What You Need To Know About the Third Stimulus Package

On Wednesday March 10th, Congress approved the American Rescue Plan, the third stimulus relief package since the pandemic started a year ago. The $1.9 trillion American Rescue Plan Act includes measures ranging from stimulus checks to child tax credits, jobless benefits to vaccine-distribution funds, healthcare subsidies to restaurant aid. The legislation is the largest aid package to pass since widespread restrictions tied to the coronavirus pandemic began in March 2020.

Here’s what to know: 

  • Federal unemployment benefits of $300 per week have been extended until early September.
  • If you collected unemployment in 2020 or do so in 2021, you do not owe taxes on the first $10,200 in assistance. 
  • Lots of people will receive $1,400 stimulus checks in the coming weeks. Individuals with an adjusted gross income of $75,000 or less and married couples earning $150,000 or less qualify. 
  • Most Americans with kids will qualify for a new child tax credit: $3,600 per year for every child under 6 and $3,000 for each kid ages 6-17. 

Aside from these stimulus bill changes, tax day, April 15th, remains the same. Make sure to file your return on or before that date to avoid penalties. Check out our definitive guide to your 2021 tax return with detailed information on this year’s tax season. In addition, make sure to fund your retirement accounts by this year’s deadline. We will continue to monitor any changes to 2021 filing dates, but we recommend to check with your CPA with any questions on your situation. 

If you have any questions on the third stimulus package and what it entails, please reach out to us at info@shermanwealth.com or schedule a complimentary 30-minute introductory call here.

Definitive Guide To Your 2021 Tax Return

The IRS has tons of rules and forms when it comes to your tax return. And a ton of those rules affect investing for retirement, so we rounded them up in one place. Below are some of the many limits that affect your retirement savings for the 2021 tax year. Click here for this downloadable pdf.

Contribution limits on retirement accounts

Annual 401(k) contribution limit

$19,500 if you’re under 50 years old, and $26,000 if you’re over 50. If you have both a traditional and a Roth 401(k), that’s the total limit you can contribute across both accounts.

Annual IRA contribution limit

$6,000 if you’re under 50, and $7,000 if you’re over 50. Again, this is the total contribution limit across both traditional and Roth IRAs.

Annual SEP IRA and Solo 401(k) contribution limits

25% of your “net earnings from self-employment” or $58,000, whichever is lower.

Annual SIMPLE IRA and SIMPLE 401(k) contribution limits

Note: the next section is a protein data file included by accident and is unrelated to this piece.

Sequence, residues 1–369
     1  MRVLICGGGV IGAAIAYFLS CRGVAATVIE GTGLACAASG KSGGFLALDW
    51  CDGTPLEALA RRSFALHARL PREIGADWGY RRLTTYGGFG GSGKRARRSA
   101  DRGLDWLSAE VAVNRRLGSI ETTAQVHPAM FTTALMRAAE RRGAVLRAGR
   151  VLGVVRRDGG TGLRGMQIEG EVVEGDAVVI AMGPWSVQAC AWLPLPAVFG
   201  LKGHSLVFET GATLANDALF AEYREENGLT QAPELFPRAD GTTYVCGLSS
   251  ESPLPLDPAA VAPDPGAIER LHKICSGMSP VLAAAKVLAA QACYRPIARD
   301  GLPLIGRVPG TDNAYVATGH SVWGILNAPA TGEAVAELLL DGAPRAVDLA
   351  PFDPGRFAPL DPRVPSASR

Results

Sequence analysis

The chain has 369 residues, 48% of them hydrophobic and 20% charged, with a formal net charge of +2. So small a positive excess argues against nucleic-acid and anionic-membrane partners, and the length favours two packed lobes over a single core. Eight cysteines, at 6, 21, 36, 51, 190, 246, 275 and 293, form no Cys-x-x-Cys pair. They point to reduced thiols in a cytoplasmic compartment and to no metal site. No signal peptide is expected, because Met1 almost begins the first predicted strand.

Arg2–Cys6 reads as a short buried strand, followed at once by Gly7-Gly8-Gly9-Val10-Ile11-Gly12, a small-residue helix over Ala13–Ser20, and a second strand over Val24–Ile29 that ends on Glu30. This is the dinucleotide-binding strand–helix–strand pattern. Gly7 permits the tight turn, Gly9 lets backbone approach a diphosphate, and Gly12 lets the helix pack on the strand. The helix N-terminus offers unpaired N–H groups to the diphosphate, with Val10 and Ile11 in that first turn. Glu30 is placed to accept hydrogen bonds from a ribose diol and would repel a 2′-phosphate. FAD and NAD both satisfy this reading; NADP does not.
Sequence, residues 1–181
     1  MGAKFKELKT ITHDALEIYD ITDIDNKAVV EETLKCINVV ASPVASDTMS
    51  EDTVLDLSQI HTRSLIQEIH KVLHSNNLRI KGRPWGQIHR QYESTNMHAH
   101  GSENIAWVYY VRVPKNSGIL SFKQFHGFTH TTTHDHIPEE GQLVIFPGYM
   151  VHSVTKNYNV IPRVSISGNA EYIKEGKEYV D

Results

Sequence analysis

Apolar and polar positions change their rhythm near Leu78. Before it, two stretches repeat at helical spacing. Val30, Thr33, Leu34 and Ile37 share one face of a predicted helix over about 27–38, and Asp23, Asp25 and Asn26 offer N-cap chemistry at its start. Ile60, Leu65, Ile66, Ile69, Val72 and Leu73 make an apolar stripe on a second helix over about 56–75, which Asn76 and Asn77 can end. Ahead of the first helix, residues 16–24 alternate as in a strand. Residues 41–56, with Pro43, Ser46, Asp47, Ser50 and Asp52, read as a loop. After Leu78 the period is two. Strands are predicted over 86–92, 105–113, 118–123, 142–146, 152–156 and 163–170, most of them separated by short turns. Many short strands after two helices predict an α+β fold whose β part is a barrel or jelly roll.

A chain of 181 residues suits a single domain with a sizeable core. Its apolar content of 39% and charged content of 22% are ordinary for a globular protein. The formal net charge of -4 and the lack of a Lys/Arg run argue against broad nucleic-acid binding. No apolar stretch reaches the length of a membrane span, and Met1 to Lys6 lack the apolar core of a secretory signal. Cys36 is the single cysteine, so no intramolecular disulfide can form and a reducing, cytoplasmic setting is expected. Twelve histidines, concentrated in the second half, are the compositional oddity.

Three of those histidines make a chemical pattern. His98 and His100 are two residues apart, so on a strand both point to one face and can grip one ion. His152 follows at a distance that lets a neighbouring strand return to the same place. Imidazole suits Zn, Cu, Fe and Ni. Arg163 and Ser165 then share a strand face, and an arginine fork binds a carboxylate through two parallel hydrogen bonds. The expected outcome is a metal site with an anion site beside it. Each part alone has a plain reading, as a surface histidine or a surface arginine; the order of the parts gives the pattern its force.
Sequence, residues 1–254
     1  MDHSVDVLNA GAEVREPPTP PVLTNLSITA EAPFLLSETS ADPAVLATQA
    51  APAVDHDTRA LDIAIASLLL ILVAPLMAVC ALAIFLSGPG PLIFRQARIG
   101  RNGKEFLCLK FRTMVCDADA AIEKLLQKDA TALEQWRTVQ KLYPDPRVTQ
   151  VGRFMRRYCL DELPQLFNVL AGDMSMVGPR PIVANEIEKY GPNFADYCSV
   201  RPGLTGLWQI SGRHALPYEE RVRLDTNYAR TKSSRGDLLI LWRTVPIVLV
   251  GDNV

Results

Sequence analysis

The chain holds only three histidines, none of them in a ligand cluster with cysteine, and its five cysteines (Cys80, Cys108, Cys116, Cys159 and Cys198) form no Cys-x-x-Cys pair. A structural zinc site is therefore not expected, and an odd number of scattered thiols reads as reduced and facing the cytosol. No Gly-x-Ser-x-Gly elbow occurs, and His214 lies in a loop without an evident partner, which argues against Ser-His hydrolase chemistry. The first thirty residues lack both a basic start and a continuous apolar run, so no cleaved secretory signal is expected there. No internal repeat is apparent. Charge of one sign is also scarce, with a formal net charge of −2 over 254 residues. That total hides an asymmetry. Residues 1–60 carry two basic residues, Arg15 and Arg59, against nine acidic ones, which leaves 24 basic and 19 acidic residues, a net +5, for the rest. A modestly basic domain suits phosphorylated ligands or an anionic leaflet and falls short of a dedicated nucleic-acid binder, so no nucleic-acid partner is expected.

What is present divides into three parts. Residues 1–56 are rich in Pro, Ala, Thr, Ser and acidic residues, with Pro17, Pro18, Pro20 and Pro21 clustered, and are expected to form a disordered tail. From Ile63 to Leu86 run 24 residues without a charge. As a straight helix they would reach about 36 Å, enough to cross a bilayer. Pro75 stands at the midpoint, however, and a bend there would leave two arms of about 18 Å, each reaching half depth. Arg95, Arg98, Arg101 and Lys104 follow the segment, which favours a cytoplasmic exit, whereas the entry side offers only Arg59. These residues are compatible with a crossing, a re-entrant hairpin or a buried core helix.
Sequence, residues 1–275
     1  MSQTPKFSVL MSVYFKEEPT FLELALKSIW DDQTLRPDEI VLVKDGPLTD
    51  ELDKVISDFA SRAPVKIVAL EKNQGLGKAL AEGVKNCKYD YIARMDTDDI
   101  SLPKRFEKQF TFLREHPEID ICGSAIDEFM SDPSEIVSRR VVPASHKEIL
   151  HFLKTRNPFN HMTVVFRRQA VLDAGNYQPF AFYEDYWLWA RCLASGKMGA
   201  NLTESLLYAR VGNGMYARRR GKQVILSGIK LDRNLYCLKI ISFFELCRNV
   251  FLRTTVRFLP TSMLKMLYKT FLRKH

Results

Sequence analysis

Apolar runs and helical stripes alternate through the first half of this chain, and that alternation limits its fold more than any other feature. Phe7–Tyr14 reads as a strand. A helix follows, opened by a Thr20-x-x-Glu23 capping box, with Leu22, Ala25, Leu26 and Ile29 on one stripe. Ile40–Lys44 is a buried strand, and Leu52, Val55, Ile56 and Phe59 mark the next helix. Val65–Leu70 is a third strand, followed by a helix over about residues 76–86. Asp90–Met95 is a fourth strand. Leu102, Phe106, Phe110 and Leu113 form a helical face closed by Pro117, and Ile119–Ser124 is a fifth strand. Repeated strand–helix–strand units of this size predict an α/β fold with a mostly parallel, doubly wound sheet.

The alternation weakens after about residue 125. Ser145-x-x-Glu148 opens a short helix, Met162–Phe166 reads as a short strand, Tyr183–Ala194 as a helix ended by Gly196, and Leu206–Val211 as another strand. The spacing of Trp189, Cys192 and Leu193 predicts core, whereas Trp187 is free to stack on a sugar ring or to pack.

$13,500 if you’re under 50, and $16,500 if you’re over 50. (Btw, these count toward your overall 401(k) contribution limit, too.)

Income limits to contribute to a Roth IRA

Depending on your modified adjusted gross income (MAGI), you might be partially or fully ineligible to contribute to a Roth IRA. Note that these limits don’t apply to Roth 401(k)s. (Those don’t have income limits at all.)

If your filing status is single, head of household, or married filing separately

If your MAGI is over $140,000, you can’t contribute to a Roth IRA. If it’s between $125,000 and $140,000, you can contribute a reduced amount. And if it’s less than $125,000, you can contribute up to the full $6,000 / $7,000 limit.

Except: If your status is married filing separately and you lived with your spouse at any time during the year, you can’t use a Roth IRA if your MAGI is over $10,000. If it’s under $10,000, you can contribute a reduced amount.

If your filing status is married filing jointly or qualifying widow(er)

If your MAGI is over $208,000, you can’t contribute to a Roth IRA. If it’s between $198,000 and $208,000, you can contribute a reduced amount. And if it’s less than $198,000, you can contribute up to the full $6,000 / $7,000 limit.

Income limits to deduct traditional IRA contributions

Anyone with an earned income (investment income doesn’t count) can contribute to a traditional IRA up to the limit. If your MAGI is greater than a certain amount, you may be partially or fully ineligible to deduct them on your tax return, though.

If you are covered by a retirement plan at work (ie 401(k), SEP IRA)

If your filing status is single or head of household

If your MAGI is over $76,000, you can’t deduct your traditional IRA contributions. If it’s between $66,000 and $76,000, you can deduct a reduced amount. And if it’s less than $66,000, you can deduct up to the full $6,000 / $7,000 contribution limit.

If your filing status is married filing jointly or qualifying widow(er)

If your MAGI is over $125,000, you can’t deduct your traditional IRA contributions. If it’s between $105,000 and $125,000, you can deduct a reduced amount. And if it’s less than $105,000, you can deduct up to the full $6,000 / $7,000 contribution limit.

If your filing status is married filing separately

If your MAGI is over $10,000, you can’t deduct your traditional IRA contributions. If it’s under $10,000, you can deduct a reduced amount.

If you aren’t covered by a retirement plan at work (ie, 401(k), SEP IRA)

If your filing status is single, head of household, or qualifying widow(er)

None. You can deduct up to the full $6,000 / $7,000 contribution limit.

If your filing status is married filing jointly or separately